Jim Epstein on Light Rail in Detroit: Is This America's Greatest Boondoggle?


Downtown Detroit, 1917. |||

"Downtown," wrote the urban historian Sam Bass Warner Jr., was "the most powerful and widely recognized symbol of the American industrial metropolis," and it still evokes sentimentality even in those of us who grew up long after flagship stores and corporate headquarters had relocated to the outskirts, leaving urban commercial districts empty and decrepit.

The allure of downtown is an ongoing distraction from what's actually important for the health of cities, writes Jim Epstein, and it explains in part the twisted logic behind one of the most confounding urban development projects of our time, a $137 million 3.3-mile light rail line that breaks ground in Detroit next week.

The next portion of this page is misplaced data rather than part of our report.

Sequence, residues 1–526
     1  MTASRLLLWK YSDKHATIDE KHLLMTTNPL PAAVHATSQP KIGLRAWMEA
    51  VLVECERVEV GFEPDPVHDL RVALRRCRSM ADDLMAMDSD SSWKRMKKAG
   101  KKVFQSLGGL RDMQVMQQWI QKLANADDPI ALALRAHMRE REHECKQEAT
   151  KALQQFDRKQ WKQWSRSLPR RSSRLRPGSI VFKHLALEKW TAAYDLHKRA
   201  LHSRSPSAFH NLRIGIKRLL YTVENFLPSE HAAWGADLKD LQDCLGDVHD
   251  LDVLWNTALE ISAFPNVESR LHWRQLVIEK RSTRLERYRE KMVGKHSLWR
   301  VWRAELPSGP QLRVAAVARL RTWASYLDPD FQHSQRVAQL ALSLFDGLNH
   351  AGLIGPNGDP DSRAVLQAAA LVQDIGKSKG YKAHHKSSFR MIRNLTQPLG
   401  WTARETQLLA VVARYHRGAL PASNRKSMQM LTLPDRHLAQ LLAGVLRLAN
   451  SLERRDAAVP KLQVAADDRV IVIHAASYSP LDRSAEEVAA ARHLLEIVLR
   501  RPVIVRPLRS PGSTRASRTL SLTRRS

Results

How else could sane people think a bankrupt city should build a wildly expensive rail line on a partially deserted avenue in a neighborhood awash in cheap parking?